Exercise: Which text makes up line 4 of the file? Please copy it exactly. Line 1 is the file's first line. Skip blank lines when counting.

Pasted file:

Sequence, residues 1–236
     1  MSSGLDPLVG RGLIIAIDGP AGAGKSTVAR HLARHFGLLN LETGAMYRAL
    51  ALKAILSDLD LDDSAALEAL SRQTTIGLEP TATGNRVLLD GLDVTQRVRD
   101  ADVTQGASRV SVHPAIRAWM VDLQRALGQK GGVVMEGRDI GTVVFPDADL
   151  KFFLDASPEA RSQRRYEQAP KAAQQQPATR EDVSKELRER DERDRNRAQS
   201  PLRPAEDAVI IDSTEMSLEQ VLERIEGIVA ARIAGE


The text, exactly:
   101  ADVTQGASRV SVHPAIRAWM VDLQRALGQK GGVVMEGRDI GTVVFPDADL